On a pumper used for fire fighting a canister can be inserted at the pump exit and connected to the fire hose. In orchard or garden spraying, a canister interposed between the delivery unit and the line to the nozzles will yield a spray of greater volume and greater throw distance. These and many other uses will be obvious to those skilled in the art.

What is claimed is:

l. A method for reducing the dynamic drag of a turbulent aqueous stream which comprises contacting said aqueous stream with a solid mass of finely divided material containing an ethylene oxide polymer having an average molecular weight greater than 1 X and a water-soluble organic or inorganic material.

2. A method according to claim 1 wherein said ethylene oxide polymer is present in said solid mass of material in an amount within the range of about 10 to about 90 percent by weight based on the weight of the solid mass of material.

3. A method according to claim 1 wherein said ethylene oxide polymer is present in said solid mass of material in an amount within the range of about 15 to about 60 percent by weight based on the weight of the solid mass of'material.

4. A method according to claim 1 wherein said ethylene oxide polymer is poly(ethylene oxide).

5. A method according to claim 1 wherein said water-soluble material is an ethylene oxide polymer of less than 20,000 molecular weight.

6. A method according to claim 1 wherein said water-soluble material is potassium carbonate.

7. A method according to claim 1 wherein said water-soluble material is confectioners sugar.

8. A method according to claim 1 wherein said solid mass of finely divided material includes a binder.

9. A method according to claim 8 wherein said binder is starch.

10. A method according to claim 1 wherein said solid mass of finel divided material is in the form of tablets. l l. A met od for reducing the dynamic drag ofa turbulent aqueous stream which comprises contacting said aqueous stream with a solid, inert mass of finely divided material containing poly(ethylene oxide) having an average molecular weight greater than 1 X 10, and a water-soluble organic or inorganic material having a greater rate of water solubility than said poly(ethylene oxide).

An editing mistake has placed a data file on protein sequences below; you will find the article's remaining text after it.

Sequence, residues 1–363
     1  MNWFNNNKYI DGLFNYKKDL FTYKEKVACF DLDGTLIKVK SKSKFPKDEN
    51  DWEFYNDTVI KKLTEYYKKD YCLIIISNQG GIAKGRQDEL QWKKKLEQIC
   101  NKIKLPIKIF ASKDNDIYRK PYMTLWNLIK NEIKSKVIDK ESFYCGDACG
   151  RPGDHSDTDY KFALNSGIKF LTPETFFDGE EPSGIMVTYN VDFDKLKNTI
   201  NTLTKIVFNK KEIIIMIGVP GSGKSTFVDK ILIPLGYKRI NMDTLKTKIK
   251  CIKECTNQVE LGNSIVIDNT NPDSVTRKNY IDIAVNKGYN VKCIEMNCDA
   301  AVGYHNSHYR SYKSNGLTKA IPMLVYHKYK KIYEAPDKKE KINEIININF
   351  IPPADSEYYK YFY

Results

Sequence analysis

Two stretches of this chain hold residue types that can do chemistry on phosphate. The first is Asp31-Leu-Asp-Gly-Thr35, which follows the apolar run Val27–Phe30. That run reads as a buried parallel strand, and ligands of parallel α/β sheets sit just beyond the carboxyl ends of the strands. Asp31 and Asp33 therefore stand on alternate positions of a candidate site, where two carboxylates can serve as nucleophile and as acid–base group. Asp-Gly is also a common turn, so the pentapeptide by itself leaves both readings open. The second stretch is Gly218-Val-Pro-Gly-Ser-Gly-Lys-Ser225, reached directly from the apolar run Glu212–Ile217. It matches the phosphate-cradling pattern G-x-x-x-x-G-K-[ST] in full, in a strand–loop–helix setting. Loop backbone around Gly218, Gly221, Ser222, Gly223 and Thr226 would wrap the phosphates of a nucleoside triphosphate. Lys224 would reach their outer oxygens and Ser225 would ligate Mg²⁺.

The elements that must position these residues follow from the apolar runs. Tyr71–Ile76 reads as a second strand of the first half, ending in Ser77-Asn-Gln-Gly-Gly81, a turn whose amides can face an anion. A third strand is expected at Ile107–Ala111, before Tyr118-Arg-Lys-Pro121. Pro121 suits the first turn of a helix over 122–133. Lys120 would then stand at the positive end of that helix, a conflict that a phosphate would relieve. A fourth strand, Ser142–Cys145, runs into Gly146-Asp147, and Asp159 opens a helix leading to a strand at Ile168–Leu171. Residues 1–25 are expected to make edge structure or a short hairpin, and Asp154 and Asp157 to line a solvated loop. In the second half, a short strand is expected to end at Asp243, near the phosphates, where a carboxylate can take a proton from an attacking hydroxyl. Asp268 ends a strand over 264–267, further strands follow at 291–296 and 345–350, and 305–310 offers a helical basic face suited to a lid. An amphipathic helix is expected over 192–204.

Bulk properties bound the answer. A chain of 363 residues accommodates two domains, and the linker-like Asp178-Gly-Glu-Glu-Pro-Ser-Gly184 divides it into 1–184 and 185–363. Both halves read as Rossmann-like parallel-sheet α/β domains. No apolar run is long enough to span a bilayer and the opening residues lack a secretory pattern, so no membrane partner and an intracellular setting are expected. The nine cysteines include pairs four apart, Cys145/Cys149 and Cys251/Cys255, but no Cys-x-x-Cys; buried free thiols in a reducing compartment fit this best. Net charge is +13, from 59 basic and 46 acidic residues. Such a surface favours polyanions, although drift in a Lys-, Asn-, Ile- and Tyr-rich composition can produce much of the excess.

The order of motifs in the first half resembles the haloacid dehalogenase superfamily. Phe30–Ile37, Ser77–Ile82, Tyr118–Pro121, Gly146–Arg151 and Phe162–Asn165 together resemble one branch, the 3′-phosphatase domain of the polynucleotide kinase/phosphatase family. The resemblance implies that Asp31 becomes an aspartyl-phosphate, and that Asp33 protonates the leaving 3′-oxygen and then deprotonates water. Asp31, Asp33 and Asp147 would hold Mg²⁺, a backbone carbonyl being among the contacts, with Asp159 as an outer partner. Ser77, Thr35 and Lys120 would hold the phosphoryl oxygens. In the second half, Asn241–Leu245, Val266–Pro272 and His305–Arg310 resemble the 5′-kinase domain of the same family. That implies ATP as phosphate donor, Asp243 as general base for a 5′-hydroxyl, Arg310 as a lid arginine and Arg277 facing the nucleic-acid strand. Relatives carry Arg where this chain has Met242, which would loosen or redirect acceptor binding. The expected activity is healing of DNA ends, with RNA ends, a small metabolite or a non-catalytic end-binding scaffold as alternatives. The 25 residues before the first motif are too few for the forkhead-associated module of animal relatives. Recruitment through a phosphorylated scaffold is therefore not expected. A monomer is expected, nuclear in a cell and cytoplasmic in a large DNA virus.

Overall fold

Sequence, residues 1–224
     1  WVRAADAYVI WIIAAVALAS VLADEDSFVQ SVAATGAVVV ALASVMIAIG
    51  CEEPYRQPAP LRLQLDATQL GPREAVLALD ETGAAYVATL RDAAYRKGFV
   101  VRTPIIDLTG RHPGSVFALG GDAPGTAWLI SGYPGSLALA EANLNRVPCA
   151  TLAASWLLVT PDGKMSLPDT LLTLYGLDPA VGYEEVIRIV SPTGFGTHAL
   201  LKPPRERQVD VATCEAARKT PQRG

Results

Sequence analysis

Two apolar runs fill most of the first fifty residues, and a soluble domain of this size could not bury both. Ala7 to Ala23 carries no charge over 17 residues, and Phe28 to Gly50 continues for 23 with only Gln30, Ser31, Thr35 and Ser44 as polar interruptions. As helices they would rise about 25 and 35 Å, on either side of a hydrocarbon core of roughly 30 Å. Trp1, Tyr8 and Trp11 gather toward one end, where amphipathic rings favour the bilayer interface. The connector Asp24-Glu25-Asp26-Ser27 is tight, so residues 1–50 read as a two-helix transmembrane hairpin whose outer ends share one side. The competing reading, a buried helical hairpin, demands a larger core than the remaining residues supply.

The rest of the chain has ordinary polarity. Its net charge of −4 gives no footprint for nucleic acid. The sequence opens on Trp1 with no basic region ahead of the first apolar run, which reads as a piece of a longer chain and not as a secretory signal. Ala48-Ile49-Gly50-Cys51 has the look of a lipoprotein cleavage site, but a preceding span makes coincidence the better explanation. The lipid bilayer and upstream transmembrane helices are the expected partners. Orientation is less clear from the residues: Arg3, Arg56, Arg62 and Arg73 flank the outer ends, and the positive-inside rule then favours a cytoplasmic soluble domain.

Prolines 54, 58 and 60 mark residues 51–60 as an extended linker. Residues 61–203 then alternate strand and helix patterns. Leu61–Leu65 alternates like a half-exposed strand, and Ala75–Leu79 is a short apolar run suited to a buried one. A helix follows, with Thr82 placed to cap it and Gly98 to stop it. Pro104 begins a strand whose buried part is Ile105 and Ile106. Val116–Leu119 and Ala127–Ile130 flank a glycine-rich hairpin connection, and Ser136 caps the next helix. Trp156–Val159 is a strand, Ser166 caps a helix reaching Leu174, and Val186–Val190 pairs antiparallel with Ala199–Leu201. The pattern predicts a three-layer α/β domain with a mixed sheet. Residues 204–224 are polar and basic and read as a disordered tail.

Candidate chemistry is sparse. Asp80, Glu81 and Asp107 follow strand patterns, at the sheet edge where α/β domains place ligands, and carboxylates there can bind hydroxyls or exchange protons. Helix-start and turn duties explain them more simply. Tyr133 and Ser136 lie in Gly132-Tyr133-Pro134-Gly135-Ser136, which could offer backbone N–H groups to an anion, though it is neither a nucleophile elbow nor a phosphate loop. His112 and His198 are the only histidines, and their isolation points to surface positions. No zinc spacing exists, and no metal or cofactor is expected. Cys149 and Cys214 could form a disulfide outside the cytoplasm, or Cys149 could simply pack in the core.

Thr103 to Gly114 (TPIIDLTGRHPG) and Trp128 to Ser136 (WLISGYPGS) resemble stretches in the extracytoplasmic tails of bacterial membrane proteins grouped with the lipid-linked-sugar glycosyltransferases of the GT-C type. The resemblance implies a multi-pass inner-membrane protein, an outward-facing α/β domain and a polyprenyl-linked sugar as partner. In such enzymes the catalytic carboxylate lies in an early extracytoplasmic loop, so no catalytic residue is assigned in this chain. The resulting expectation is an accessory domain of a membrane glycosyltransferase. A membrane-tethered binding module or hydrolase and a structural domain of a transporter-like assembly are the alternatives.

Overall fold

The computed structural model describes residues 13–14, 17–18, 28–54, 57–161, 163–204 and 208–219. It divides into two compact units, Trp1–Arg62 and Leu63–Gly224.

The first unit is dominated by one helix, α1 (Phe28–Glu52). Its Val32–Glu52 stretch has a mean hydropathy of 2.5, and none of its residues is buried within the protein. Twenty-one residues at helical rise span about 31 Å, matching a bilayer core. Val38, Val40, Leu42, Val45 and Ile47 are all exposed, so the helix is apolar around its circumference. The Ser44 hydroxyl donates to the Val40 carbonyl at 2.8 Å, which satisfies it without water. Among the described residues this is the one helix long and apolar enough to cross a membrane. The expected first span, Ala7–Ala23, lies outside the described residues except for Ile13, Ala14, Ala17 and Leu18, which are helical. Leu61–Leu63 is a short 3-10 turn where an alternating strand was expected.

12. A method according to claim 11 wherein said poly(ethylene oxide) is present in said solid mass of material in an amount within the range of about 10 to about percent by weight based on the weight of the solid mass of material.

13. A method according to claim 11, wherein said poly(ethylene oxide) is present in said solid mass of material in an amount within the range of about 15 to about 60 percent by weight based upon the weight of the solid mass of material.

14. A method according to claim 12 wherein said water-soluble material is an ethylene oxide polymer of less than 20,000 molecular weight.

15. A method according to claim 12 wherein said water-soluble material is starch.

16. A method according to claim 15 wherein said solid mass of finely divided material includes a binder.

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Referenced by
Citing PatentFiling datePublication dateApplicantTitle
US3841710 *Feb 16, 1973Oct 15, 1974Shellmaker IncMethod and apparatus for moving solids from a remote location
US4088623 *Jun 28, 1976May 9, 1978The United States Of America As Represented By The Secretary Of The NavyCoatings that reduce flow resistance and turbulent drag at their interface with liquids
US4842486 *Oct 29, 1986Jun 27, 1989Siemens AktiengesellschaftMethod and apparatus for increasing the operating efficiency of a liquid-flow machine
US4959164 *Jun 27, 1988Sep 25, 1990The United States Of America As Represented By The Secretary Of The InteriorPolyoxyethylene glycol as neutralizer for cutting, polishing, grinding fluids
US5045588 *Nov 7, 1974Sep 3, 1991The United States Of America As Represented By The Secretary Of The NavyHigh polymer suspension
US5196401 *Jul 18, 1990Mar 23, 1993The United State Of America As Represented By The Secretary Of The InteriorMethod of enhancing rock fragmentation and extending drill bit life
US5271424 *Dec 9, 1991Dec 21, 1993Air Products And Chemicals, Inc.Drag reduction with amine functional polymers
DE4445924A1 *Dec 22, 1994Jun 27, 1996Hans Gilbert UptonDevice for reducing water friction drag of water sport vehicle
WO1990000187A1 *Jun 26, 1989Jan 11, 1990Pierce JosephRock fragmentation method
WO2007024790A2 *Aug 22, 2006Mar 1, 2007Envirofuels LlcFlow enhancement compositions for liquid and gases in tubes and pipes
WO2010080317A1 *Dec 9, 2009Jul 15, 2010Conocophillips CompanyDrag reducing polymers for low molecular weight liquids applications
Classifications
U.S. Classification137/13, 507/261
International ClassificationC09K3/00
Cooperative ClassificationC09K3/00
European ClassificationC09K3/00
Legal Events
DateCodeEventDescription
Oct 8, 1986ASAssignment
Owner name: UNION CARBIDE CORPORATION,
Free format text: RELEASED BY SECURED PARTY;ASSIGNOR:MORGAN BANK (DELAWARE) AS COLLATERAL AGENT;REEL/FRAME:004665/0131
Effective date: 19860925
Jan 9, 1986ASAssignment
Owner name: MORGAN GUARANTY TRUST COMPANY OF NEW YORK, AND MOR
Free format text: MORTGAGE;ASSIGNORS:UNION CARBIDE CORPORATION, A CORP.,;STP CORPORATION, A CORP. OF DE.,;UNION CARBIDE AGRICULTURAL PRODUCTS CO., INC., A CORP. OF PA.,;AND OTHERS;REEL/FRAME:004547/0001
Effective date: 19860106